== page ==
Mission Objectives: Dress self and apply appropriate cosmetics. Do something to at least manage hair. Dress child. Grab diaper bag and make it to the bus so we can go to toddler story time at the library. Time allotted: 45 minutes.
I am determined that we are going to get to the library today. E is very social with adults but is starting to get a little shy with kids his own age that he doesn’t already know. A couple rounds of playing in a group will do him good, but in the meantime I have to look halfway presentable. I mean, this totally counts as “going out” in the Mommyverse. And I’m going to actually wear my favorite sweater. I pull my hair back pretty fast, though I still have to stop halfway to stop a game of chase with Kitty.
Now E is at the baby gate, howling. I don’t think it’s so much that he wants to get to me, but that it is totally unfair that I get to go in the room where clearly everything cool on earth must be. Why else would we be keeping him out?! I ask him what he wants, and he says “Go! Mama! Peeease!” I give in, because there’s nothing toxic where he can reach it, and it won’t be long.
I’ve finished one eye. It’s tricky; I use waterproof liquid eyeliner. I want that shit to stay put because otherwise I look like a panda in two hours. I hold my breath to keep the line even – because looking like a mental patient is just as bad as looking like a panda.
It’s a little perilous because E is tugging on my pants.
“What honey?” I look down.
He is holding a box of maxi pads, looking very proud. “Box!” he says, but it sounds more like baahks. “BOOOX!” He peers intently into the open top, reaching in to poke at the pads. He draws one out slowly, staring. “Woooowww,” he says, clearly impressed. I go back to makeup. They’re already all over the floor so there’s no reason to stop him.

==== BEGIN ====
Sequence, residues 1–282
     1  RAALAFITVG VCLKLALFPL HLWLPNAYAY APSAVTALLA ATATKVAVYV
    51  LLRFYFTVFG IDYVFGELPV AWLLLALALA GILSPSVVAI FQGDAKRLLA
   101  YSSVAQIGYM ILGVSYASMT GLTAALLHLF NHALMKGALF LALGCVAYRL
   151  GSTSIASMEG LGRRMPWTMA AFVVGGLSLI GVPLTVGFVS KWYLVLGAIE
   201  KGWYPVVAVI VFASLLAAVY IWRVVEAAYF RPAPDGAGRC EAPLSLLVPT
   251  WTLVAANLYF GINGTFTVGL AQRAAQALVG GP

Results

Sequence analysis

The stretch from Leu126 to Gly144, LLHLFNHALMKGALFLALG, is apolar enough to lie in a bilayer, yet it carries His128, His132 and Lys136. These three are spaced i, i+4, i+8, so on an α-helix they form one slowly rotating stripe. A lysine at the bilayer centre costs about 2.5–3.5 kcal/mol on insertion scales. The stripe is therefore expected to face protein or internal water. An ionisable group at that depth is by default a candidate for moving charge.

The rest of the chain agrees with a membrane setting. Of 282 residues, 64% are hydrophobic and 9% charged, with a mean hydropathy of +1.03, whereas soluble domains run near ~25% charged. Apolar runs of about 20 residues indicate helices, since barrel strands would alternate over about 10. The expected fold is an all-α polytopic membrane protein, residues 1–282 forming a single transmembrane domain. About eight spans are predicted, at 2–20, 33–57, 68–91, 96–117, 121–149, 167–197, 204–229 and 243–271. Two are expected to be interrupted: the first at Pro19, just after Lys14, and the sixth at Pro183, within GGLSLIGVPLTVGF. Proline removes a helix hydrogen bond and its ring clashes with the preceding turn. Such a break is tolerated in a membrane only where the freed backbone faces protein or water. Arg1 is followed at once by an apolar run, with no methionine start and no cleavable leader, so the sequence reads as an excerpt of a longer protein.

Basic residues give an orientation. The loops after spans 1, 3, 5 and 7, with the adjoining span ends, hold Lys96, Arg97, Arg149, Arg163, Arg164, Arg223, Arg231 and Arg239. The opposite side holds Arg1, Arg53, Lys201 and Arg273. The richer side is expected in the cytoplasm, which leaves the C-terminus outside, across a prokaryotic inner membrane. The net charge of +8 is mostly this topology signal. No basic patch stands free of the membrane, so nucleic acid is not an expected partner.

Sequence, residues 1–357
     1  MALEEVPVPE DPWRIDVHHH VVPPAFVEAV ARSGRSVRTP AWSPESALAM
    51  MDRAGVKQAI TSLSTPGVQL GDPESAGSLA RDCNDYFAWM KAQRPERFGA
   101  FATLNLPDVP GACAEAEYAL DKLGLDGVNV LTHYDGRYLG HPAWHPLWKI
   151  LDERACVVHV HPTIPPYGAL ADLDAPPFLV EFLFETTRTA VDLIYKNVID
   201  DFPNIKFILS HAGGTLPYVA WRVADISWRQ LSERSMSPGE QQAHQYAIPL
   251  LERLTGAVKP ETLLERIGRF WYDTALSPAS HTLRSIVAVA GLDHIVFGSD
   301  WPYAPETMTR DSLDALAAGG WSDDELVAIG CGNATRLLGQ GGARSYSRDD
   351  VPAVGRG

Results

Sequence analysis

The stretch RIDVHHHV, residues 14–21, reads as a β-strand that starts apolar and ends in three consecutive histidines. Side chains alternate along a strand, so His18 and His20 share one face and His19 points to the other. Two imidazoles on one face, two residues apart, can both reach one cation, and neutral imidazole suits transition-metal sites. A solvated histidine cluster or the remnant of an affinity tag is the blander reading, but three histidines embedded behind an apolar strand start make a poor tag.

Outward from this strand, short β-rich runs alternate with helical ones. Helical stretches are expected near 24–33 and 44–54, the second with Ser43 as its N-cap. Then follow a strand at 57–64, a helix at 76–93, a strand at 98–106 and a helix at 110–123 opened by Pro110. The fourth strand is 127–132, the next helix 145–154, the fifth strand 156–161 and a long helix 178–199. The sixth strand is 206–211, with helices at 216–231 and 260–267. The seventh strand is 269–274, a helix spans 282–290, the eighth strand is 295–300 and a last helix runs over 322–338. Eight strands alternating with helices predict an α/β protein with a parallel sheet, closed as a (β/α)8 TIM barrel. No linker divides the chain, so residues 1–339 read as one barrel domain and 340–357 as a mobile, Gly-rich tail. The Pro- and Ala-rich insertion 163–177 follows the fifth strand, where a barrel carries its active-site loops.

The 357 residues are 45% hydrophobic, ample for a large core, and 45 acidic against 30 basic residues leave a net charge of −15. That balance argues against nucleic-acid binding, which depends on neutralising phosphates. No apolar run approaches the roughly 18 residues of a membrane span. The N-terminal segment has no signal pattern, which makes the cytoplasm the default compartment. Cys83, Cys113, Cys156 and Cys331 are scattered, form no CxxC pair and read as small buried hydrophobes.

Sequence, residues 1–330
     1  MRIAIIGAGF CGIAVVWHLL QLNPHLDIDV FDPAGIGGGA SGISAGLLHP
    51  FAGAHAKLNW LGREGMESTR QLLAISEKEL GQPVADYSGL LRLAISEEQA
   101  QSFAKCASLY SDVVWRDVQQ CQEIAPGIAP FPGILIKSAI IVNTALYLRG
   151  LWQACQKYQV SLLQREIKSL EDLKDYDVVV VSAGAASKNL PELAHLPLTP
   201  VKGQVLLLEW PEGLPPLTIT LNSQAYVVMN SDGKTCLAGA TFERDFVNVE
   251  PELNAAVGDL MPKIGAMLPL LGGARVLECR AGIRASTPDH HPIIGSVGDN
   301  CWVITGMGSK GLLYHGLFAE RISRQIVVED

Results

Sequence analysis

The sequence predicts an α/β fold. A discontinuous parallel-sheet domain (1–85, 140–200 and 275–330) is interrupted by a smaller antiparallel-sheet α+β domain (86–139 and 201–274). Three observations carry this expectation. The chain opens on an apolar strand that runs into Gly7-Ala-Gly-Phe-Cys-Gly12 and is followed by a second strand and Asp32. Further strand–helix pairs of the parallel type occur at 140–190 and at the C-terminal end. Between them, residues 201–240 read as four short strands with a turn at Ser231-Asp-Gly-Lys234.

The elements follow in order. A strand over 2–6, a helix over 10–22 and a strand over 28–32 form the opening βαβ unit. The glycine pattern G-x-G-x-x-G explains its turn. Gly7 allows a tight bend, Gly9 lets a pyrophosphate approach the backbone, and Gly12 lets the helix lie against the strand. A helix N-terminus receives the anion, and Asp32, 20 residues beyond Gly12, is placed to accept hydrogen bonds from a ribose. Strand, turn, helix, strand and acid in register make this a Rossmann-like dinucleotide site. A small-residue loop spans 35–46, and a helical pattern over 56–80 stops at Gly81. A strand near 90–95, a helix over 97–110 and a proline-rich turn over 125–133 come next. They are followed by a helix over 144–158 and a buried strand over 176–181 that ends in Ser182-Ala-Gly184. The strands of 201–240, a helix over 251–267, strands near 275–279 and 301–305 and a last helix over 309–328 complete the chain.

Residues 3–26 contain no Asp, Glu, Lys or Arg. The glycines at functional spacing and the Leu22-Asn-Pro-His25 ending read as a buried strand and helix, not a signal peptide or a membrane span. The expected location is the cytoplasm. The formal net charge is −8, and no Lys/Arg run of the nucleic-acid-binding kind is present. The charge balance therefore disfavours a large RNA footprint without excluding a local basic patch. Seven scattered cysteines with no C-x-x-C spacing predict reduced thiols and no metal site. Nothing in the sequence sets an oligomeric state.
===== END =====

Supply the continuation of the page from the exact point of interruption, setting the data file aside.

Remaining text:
I carefully finish the other eye. The liner has to dry before I put on anything else, or it smears and we’re back in Panda Mental Patient territory. E grabs my hand and shoves something at me.
“What?” he demands.
I consider whether I want “tah-pon” to be in his vocabulary and decide against it. I go with the wrapping. “Orange!” I say, “That’s an orange thing! Let’s put it up here!” It goes over the edge of the sink. E decides this is a great game and starts carefully pulling out tampons, one by one, ooh-ing and aah-ing at each one. Seriously, the kid actually says “ooh-ahh.” I look back at the mirror. At some point I opened my eyes too far. Mental patient. Fuuuck.
“Oooh! Wow! WOOOOW! Mama!”
I look down. I don’t know how he got the plunger. I go with my standard disarming technique. “Oh, THANK YOU for finding that! You’re such a good finder!” As I carefully remove the plunger and put it back in the corner. “That spot is not for babies, ok?”